Zarifa’s childhood memories consist of watching videos with the volume turned off and curtains drawn
The memoir of Zarifa Ghafari, Afghanistan’s youngest female mayor, written with her friend, the Times’ correspondent Hannah Lucinda Smith, is not for the faint-hearted. It is fair to say, right at the outset, that for the reader, the value of this book is journalistic and scholarly rather than literary. However, Ghafari’s dramatic life story lends itself very well into film, and hence we have In Her Hands (2022), the Netflix documentary.
The contents of the book are both heartbreaking and disturbing.
When the Taliban took over Kabul on August 15, 2021, President Ashraf Ghani was the first to abdicate his post. In contrast, three days on, Ghafari, a survivor of three attempts on her life by the Taliban the last of which killed her father, in November 2020, was still in office, albeit fearfully, waiting with her partner, Bashir Mohammadi, to face execution.
Finally having got asylum in Germany, with her mother, Mohammadi and her own siblings, this extraordinary woman has managed to render her astonishing story on paper for people around the world who wish to look behind the Taliban’s Iron Curtain. More inspiringly, this valiant idealist has since returned to Kabul to continue her grassroots work on human rights.
For readers at a great remove from the soul-killing realities of Afghan life today, the experience of reading Zarifa’s memoir may feel like an adventure. Zarifa Ghafari was born in Afghanistan in 1994 (p. 7) when the country was in the middle of a civil war. She spent her earliest years under the Taliban’s first regime, but came of age after 2001 as a “supposed democratic government was being propped by Western armies”.
Zarifa’s childhood memories consist of watching videos with the volume turned off and curtains drawn, so that neither the light nor the sound could reach the Taliban patrolling the street. This scenario is repeated when she started school at age four. Her school was in the basement of a nearby apartment. Together, the group of girls studied in the dark, with the lamps permanently turned off. If there were footsteps outside the door, the teacher would shush them, and the girls would hide their books under the rug.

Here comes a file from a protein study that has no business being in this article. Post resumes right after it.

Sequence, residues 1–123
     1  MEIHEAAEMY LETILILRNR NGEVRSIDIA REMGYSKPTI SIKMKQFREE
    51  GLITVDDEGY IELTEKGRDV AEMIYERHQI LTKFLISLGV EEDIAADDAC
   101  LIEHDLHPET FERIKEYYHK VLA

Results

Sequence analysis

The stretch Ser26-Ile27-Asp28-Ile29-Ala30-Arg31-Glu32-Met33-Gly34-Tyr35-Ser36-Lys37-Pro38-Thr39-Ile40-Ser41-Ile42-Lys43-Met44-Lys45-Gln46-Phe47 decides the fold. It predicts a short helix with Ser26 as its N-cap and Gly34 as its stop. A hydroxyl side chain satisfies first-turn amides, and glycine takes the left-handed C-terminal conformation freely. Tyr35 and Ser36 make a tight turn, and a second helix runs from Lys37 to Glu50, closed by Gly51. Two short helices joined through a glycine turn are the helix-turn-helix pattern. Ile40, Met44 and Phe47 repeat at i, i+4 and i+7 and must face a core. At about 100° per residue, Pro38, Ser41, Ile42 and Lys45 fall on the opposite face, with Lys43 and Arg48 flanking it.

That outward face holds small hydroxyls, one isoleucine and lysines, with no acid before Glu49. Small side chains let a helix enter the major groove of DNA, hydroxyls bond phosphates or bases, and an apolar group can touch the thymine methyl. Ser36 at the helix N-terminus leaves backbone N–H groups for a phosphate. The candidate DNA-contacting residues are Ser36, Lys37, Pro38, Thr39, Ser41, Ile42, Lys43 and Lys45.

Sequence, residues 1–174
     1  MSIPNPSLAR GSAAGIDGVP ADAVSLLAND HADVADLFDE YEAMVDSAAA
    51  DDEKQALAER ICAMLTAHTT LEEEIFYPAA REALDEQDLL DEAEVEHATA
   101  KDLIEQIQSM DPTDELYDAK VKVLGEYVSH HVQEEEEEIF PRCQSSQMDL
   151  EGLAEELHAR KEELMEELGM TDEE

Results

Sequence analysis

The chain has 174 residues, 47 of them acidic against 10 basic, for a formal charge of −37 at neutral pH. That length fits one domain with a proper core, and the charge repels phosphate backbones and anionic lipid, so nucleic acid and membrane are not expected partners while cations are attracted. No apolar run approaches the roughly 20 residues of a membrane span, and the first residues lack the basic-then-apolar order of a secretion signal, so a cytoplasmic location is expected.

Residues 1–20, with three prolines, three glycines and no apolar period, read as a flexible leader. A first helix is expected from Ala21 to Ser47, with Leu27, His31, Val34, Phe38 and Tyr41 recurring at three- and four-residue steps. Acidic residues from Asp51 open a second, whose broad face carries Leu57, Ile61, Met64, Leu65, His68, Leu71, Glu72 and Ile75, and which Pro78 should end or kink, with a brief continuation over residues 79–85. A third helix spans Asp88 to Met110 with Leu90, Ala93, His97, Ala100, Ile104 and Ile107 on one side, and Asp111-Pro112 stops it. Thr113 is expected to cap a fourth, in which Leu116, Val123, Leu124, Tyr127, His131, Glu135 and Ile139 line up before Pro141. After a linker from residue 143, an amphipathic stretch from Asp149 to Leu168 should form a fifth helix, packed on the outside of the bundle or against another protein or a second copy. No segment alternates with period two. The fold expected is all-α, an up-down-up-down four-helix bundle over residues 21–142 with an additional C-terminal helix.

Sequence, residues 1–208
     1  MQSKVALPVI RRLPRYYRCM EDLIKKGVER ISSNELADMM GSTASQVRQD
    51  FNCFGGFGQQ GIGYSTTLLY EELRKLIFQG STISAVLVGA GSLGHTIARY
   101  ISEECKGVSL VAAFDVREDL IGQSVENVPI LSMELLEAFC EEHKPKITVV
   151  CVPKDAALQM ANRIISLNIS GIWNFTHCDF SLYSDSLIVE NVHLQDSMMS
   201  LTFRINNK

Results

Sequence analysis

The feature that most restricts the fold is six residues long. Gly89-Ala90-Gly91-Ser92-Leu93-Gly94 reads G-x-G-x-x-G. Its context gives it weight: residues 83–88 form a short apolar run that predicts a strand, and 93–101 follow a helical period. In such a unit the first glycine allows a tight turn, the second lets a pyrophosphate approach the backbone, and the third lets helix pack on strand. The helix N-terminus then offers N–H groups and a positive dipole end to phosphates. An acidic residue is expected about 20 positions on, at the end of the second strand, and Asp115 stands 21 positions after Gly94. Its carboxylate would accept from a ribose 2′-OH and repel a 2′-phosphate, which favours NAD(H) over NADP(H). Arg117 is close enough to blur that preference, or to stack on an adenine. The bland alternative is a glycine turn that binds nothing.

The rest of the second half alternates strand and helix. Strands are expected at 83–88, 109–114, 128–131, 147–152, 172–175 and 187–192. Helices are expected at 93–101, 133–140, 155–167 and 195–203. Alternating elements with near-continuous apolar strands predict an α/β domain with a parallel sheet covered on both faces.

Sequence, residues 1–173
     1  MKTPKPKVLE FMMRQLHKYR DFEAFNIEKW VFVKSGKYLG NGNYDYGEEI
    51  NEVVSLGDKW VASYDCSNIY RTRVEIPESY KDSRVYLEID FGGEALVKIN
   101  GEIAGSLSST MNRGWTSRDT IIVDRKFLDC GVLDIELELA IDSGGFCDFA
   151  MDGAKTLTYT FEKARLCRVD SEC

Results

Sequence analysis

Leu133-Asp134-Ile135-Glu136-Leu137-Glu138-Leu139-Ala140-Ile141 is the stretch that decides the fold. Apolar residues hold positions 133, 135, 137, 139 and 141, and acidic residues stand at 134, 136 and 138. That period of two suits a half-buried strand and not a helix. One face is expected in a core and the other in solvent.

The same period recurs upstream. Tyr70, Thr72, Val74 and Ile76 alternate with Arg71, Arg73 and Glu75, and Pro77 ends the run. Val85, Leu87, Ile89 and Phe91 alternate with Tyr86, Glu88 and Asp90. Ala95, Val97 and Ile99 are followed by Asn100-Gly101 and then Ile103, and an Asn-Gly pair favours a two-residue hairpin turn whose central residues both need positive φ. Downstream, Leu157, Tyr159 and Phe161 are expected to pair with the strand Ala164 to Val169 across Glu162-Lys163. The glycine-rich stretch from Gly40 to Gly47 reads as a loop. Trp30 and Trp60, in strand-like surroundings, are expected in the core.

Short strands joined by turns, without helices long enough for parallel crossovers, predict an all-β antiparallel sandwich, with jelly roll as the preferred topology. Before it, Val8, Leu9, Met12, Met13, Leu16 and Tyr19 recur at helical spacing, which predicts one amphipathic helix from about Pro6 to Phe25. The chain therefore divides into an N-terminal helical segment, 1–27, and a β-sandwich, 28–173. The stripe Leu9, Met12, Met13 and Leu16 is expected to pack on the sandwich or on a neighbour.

Her father Abdul Wasi Ghafari, was an army general. Because of her father’s new posting, the family moved to Paktia, where nine-year-old Ghafari started going to a regular school. Soon, she was selected alongside several other students to attend a conference on children’s rights. The spunky girl put out a wish list before the President (Hamid Karzai), an event that was broadcast live on TV. It was Ghafari’s first brush with the spotlight. She was just 11.
In 2005, while walking to school, Ghafari was injured in an attack by a suicide bomber, landing her in the hospital with severe injuries. Forbidden by her father to attend school as it was risky, she would proceed to sneak there while her father was away at work. But again, in September 2006, a suicide attack found her while going to school. This time, her skull got fractured in three places with shrapnel gouging out bits of her body.
But Ghafari was not to be deterred. Presently, she started working as a teacher in a girls’ school, giving out English and Mathematics lessons. At the same time, she enrolled in English classes herself, in order to pursue her childhood dream of becoming a diplomat.
At 16, Ghafari was offered a scholarship by the Indian government. Against much family opposition, Ghafari went on to pursue her bachelors and masters at Panjab University in Chandigarh. After returning to Kabul, she met Mohammadi, who not just became her business partner, but also her fiancé. The assassination of Farkhunda Malikzada took place around this time, and it was then that her egalitarianism crystallised into feminism.
Mohammadi and Ghafari set up a radio station in Maidan Shahr. It was called Peghla FM. Through it, she hoped to reach out to women, understand their specific situations, and mobilise change. Ghafari travelled from Kabul to Maidan Shahr each day through Taliban territory. The radio station boomed, its audience grew and calls poured in.
In March 2018, the central government announced that it was holding examinations to appoint mayors to 11 provinces. Ghafari applied for the job from Wardak at Bashir’s insistence. After she got selected, although she had to fend off a mob attack, was put on a waitlist for nine months and was greeted with pushback at every stage including gossip about her clothes, with even the governor refusing to take her calls, in the end of it all, there was no looking back.
From April 2019 to August 2021, Ghafari was mayor of Maidan Shahr, capital of Wardak province. As mayor, she wiped out corruption, eliminated bribes and ensured that the licence system was adhered to. Under her, the employees actually delivered.
After reading the book, I realised that my eyes were moist with tears.
Rachna Chhabria is a Bengaluru-based children’s author
Zarifa: A Woman's Battle In A Man's World
By Zarifa Ghafari and Hannah Lucinda Smith
pp. 288, Rs.699